A Center of Excellence for Research and Graduate Education in Protecting the Health and Safety of the Workforce

The University of Michigan Center for Occupational Health and Safety Engineering (COHSE) is an Education and Research Center (ERC) supported by the U.S. National Institute for Occupational Safety and Health (NIOSH).

What is Occupational Health?

What is Occupational Health?

A multidisciplinary field concerned with the safety, health, and welfare of people at work.

Careers in OHS

Careers in OHS

See the impact of OHS and potential career paths

Funding Opportunities

Funding Opportunities

Learn more about funding opportunities for students and trainees

Continuing Education

COHSE offered opportunities

Recent COHSE Publication

Sungwon Park, PhD, RN

Postdoctoral Fellow/Assistant Professor
Health Behavior and Biological Sciences
School of Nursing, University of Michigan

 

Exploring the characteristics and health outcomes of working from home: Analysis of 2021 California Health Interview Survey data

Full Article

Abstract

Background: Working from home (WFH) may affect health behaviors and mental health. The coronavirus disease-2019 (COVID-19) pandemic saw many US employees transition to WFH, which has persisted in various job sectors and significantly impacted employees. However, its effects on health outcomes have remained unclear. We aimed to explore the characteristics and health outcomes of, and health-related differences between, WFH and not-WFH groups.

Methods: Using the 2021 California Health Interview Survey data, we analyzed health behaviors (smoking, alcohol consumption, and fruit-related nutrition) and the mental health status of 12,438 individuals using descriptive statistics, Pearson’s χ2 test, and regressions.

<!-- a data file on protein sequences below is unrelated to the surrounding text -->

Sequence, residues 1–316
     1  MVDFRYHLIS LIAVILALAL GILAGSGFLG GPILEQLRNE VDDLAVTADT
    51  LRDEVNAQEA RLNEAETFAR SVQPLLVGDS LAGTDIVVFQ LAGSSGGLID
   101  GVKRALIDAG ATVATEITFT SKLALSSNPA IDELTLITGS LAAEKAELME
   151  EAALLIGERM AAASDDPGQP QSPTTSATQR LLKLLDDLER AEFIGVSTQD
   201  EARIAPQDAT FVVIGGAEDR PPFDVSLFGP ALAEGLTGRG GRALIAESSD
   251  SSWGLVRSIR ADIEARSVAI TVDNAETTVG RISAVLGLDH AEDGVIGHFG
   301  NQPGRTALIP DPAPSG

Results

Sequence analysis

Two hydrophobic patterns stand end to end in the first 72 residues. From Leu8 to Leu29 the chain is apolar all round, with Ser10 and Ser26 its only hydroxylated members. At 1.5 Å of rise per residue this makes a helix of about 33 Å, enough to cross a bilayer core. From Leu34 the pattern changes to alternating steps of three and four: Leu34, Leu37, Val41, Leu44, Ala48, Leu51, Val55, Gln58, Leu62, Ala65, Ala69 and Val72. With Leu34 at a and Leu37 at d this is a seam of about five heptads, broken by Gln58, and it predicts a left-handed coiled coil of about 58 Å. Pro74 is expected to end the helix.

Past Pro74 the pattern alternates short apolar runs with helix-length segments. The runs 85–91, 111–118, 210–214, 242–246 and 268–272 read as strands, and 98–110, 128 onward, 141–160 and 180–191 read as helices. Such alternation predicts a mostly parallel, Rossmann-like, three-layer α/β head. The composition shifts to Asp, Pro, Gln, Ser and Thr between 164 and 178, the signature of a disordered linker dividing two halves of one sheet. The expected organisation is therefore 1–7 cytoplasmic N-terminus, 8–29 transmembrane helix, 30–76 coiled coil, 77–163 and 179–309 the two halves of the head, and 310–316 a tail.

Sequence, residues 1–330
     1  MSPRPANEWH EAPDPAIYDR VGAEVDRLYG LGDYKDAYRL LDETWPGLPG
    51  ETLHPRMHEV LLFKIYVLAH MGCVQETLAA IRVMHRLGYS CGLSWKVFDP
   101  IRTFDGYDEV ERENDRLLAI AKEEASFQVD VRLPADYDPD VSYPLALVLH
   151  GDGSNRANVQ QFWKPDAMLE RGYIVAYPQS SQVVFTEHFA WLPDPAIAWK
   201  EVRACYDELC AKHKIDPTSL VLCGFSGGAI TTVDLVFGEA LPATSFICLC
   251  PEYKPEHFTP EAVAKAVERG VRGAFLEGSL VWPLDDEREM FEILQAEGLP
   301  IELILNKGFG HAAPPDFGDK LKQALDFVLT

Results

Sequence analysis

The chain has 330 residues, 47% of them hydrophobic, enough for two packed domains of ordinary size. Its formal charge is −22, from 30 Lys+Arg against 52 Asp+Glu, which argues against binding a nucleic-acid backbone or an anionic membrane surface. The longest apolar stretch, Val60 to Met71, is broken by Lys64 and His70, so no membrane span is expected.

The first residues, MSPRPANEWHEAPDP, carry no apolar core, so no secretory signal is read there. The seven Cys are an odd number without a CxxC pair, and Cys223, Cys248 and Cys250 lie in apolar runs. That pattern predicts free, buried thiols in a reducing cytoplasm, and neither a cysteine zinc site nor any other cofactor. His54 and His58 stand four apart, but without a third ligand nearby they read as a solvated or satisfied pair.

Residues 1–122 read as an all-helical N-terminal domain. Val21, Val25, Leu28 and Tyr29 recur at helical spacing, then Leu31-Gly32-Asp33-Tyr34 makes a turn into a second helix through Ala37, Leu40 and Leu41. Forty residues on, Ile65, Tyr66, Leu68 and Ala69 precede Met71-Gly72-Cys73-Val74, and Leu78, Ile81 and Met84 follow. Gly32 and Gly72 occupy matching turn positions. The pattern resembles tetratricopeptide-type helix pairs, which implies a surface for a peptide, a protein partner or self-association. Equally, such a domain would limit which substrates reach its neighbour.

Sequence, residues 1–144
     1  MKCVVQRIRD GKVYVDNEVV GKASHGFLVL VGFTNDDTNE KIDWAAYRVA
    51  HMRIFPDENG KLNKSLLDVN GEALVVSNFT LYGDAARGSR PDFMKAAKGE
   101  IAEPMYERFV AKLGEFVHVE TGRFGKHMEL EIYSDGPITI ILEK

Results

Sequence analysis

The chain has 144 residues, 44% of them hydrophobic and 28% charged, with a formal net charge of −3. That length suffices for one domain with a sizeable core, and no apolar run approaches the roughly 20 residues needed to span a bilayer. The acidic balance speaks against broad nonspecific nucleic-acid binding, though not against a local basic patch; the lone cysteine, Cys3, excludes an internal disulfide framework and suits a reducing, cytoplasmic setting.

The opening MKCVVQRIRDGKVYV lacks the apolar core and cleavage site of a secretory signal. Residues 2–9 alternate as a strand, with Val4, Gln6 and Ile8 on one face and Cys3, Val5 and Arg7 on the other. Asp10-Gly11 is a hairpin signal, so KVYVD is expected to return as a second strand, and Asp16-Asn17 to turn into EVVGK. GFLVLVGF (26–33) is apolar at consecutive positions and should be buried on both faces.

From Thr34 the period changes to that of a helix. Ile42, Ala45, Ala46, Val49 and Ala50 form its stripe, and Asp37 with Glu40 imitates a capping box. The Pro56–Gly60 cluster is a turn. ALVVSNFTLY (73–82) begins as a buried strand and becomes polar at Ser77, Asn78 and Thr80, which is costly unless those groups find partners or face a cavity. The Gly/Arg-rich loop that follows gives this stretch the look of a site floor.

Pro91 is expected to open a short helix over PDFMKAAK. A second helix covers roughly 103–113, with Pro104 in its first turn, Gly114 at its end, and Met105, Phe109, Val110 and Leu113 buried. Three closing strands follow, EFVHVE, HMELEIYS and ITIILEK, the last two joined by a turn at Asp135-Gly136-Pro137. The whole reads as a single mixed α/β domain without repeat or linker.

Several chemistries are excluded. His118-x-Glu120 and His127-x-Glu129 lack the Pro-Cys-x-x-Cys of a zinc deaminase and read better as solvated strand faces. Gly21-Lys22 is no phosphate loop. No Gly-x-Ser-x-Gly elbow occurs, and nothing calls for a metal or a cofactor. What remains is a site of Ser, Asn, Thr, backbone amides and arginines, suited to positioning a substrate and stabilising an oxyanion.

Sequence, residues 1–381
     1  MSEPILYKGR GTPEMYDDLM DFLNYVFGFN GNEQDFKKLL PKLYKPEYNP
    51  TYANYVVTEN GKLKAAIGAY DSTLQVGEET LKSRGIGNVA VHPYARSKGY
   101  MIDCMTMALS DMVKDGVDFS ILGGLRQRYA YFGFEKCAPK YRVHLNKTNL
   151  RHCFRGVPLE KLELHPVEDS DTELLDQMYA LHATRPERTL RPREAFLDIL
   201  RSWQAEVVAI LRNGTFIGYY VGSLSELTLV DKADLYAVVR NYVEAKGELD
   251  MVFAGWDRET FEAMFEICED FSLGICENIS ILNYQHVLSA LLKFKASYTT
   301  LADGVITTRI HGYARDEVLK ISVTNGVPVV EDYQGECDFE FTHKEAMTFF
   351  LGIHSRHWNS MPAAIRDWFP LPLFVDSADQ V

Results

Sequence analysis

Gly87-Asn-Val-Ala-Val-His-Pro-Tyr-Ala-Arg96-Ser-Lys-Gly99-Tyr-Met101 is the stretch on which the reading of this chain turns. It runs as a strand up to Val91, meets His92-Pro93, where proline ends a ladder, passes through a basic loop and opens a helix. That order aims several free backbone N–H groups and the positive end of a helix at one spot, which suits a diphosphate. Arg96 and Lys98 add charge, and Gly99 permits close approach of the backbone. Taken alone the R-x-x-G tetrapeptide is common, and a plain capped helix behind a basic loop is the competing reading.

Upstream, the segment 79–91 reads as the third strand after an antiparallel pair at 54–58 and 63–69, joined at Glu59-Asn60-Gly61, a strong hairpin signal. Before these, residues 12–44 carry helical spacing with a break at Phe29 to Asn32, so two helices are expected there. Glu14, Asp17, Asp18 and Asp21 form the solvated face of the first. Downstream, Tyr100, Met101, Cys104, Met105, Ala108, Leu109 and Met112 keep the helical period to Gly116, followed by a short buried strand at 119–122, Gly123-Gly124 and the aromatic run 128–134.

Results: A total of 39% were WFH and 61% were not-WFH. Overall, the WFH group had worse health behaviors and mental health than the not-WFH group. Age was associated with smoking in both groups (WFH: b = 0.37; not-WFH: b = 0.35), but with fruit-related nutrition only in the WFH group. Household income and occupation were associated with alcohol consumption in both groups. Age (WFH: b = -1.58; not-WFH: b = -1.39), household income (WFH: b = -0.75; not-WFH: b = -0.34), and job duration (WFH: b = -0.34; not-WFH: b = -0.40) were associated with mental health in both groups; those who were younger and had lower household incomes and job durations had worse mental health.

Conclusion: Health management is a clear necessity for the WFH group. Irrespective of WFH status, young workers with shorter than 5 years’ job duration reported mental distress, highlighting a need for distress assessment and management for the young workforce.

Keywords: COVID-19; California Health Interview Survey; employee; health behavior; mental health; worker; working from home.